August 24, 2015
Firefighters’ employment rights limited; the Supreme Court, and Justice Cuéllar separately, come down on the anti-textualist side of the statutory interpretation debate
The Supreme Court today cuts back on the rights of firefighters to review negative comments about them, and, in the process, also weighs in on a debate about how to construe statutes. In Poole v. Orange County Fire Authority, a unanimous opinion by Chief Justice Tani Cantil-Sakauye holds that, although the Firefighters Procedural Bill of Rights Act allows firefighters to review and respond to negative comments “entered in his or her personnel file, or any other file used for any personnel purposes by his or her employer,” they cannot have access to a daily log kept by a supervisor as a memory aid in preparing performance plans and reviews. The key to the court’s decision is that “the log was not shared with or available to anyone other than the supervisor who wrote the log.”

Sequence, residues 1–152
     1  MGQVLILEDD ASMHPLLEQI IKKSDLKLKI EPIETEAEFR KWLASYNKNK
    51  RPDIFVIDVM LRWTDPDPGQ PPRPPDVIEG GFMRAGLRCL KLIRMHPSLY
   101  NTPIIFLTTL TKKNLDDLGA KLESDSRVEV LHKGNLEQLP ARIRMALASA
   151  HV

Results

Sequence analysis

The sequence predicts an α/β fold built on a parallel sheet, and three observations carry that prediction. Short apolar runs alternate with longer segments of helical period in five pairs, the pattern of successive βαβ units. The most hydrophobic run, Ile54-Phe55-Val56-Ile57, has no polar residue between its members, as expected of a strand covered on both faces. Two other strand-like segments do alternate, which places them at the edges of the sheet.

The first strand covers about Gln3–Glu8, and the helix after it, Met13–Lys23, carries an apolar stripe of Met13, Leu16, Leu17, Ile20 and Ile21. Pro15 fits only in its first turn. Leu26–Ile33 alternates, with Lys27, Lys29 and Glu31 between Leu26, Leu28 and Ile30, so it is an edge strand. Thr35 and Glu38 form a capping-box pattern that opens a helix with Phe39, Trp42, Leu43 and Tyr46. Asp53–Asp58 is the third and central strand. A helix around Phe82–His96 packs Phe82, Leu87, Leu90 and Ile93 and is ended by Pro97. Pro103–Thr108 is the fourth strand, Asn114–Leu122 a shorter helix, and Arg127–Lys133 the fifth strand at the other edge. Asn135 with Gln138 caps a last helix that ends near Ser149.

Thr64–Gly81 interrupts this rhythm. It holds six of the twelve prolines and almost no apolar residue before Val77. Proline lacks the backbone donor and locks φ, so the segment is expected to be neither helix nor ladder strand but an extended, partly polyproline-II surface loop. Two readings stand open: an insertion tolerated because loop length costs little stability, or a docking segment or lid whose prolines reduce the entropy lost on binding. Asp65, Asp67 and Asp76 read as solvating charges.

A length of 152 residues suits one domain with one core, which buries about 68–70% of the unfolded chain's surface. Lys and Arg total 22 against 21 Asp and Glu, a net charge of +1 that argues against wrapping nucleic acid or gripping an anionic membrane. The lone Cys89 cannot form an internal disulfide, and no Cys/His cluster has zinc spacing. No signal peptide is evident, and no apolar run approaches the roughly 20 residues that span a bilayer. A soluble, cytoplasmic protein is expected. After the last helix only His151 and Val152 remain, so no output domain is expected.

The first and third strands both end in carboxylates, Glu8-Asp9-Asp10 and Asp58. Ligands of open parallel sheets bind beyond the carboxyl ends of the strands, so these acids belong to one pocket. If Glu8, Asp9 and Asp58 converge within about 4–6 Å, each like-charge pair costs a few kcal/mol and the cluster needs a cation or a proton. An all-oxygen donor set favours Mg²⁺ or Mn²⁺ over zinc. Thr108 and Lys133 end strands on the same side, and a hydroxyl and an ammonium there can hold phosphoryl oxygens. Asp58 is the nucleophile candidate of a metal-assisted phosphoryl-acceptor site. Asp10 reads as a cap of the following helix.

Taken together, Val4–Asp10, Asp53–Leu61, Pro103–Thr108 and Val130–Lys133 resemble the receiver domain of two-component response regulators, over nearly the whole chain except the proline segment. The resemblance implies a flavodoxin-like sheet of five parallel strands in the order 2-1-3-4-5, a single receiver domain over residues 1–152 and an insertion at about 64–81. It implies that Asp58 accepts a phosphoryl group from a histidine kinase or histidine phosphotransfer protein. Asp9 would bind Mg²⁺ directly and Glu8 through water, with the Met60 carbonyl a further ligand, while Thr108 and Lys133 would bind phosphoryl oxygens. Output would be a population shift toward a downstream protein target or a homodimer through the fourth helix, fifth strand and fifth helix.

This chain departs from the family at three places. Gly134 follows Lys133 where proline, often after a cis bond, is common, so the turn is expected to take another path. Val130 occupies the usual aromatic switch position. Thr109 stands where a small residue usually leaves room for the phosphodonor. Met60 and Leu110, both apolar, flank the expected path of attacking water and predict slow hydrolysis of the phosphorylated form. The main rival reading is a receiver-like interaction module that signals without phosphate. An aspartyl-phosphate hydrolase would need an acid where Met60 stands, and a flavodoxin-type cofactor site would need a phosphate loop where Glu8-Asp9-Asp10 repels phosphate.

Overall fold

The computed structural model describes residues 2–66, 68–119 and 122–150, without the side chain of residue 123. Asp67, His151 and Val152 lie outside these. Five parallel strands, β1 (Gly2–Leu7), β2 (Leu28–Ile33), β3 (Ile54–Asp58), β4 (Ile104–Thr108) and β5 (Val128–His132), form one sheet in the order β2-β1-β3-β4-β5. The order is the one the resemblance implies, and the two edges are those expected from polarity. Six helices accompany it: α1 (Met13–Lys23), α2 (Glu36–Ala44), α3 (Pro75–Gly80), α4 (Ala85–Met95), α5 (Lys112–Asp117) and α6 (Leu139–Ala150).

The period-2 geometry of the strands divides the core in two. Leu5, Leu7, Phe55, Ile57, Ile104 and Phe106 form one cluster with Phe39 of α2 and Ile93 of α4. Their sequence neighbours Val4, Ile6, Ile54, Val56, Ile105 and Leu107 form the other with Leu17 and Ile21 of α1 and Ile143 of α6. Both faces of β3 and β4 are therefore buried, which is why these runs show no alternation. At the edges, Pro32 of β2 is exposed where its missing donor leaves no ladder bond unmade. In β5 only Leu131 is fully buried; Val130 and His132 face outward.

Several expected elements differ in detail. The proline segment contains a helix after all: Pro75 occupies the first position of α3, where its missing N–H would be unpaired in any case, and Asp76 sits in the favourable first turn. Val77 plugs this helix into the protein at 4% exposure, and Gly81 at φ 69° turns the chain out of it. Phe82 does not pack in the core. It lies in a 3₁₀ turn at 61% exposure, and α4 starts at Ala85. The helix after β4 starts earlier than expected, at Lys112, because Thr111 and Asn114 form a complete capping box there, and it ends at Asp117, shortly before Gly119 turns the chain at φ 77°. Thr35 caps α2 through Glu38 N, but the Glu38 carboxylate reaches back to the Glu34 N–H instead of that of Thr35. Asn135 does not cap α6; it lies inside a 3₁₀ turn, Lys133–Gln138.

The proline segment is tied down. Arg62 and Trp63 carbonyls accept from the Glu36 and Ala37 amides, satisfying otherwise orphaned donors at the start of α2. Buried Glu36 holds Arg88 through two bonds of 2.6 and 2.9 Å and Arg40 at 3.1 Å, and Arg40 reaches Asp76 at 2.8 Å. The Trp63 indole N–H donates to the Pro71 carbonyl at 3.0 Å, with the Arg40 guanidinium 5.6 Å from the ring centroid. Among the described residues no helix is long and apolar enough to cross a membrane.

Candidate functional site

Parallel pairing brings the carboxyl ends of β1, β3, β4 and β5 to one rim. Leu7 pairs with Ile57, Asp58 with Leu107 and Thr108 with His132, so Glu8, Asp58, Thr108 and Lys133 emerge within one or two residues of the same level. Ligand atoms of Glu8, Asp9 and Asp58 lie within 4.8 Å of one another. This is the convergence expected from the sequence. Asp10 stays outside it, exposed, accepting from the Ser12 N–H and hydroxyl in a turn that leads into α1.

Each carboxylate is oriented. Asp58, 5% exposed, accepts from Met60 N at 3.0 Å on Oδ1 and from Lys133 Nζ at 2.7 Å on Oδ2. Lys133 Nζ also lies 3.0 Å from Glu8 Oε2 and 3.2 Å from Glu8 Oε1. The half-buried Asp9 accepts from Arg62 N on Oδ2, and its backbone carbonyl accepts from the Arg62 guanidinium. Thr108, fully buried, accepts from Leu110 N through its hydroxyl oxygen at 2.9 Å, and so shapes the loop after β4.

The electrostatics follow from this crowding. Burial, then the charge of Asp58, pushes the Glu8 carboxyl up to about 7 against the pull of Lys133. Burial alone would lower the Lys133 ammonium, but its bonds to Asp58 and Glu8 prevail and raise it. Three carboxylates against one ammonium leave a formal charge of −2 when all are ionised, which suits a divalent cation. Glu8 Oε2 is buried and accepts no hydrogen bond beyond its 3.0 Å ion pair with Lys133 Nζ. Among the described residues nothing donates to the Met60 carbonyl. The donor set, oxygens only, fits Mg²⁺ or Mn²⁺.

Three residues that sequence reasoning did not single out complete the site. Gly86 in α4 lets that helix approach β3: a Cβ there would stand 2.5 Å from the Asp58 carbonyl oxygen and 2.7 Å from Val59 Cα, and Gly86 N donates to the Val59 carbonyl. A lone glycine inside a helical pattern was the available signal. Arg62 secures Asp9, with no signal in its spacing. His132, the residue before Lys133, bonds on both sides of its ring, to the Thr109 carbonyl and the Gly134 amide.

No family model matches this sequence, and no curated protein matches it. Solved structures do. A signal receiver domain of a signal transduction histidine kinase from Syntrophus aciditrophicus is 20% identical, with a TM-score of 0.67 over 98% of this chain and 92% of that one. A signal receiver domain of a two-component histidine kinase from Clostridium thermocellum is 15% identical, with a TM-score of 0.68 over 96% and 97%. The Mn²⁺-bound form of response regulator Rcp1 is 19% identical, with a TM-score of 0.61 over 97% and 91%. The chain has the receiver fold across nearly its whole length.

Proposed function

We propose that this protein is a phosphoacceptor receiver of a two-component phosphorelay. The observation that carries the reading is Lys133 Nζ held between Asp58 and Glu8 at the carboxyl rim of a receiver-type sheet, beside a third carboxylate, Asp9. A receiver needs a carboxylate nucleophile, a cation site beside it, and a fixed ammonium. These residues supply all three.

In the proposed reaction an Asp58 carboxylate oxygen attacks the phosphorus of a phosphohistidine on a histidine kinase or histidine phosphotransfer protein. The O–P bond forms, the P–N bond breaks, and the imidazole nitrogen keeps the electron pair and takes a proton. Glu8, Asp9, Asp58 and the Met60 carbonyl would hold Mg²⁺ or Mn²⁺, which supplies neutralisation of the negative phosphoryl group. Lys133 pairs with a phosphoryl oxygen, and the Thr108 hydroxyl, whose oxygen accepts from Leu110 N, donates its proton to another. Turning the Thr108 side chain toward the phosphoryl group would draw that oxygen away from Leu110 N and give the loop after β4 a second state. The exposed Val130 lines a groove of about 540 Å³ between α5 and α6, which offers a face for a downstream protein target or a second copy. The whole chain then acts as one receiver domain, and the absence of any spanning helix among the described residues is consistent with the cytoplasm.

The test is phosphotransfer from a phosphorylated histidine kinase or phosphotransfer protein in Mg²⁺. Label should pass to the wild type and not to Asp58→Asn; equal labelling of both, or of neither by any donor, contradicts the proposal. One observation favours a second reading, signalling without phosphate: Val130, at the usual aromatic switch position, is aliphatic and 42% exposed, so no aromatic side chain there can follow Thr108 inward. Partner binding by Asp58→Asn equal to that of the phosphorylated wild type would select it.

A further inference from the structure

Interpreting the legislation at issue, the court adopts an approach that is decidedly anti-textualist. The court says that the statutory language “might, in isolation, be read broadly enough to include” the daily log as “any other file used for any personnel purposes,” but concludes that “critical to an understanding of [the provision] is its statutory context,” which requires a narrower construction.
Justice Mariano-Florentino Cuéllar writes a concurring opinion to elaborate on the general theme of looking at more than statutory language when interpreting legislation. “[H]owever important it is to train our attention on the plain meaning of a statutory provision we are construing,” he says, “we must read that provision as we do here — in its larger context — when deciding whether its meaning is plain.” Justice Cuéllar states, “The devil, in short, is in the details. And the details are elucidated by context — the statutory structure and the words of surrounding or related provisions.”
The court reverses the Court of Appeal, Fourth District, Division Three.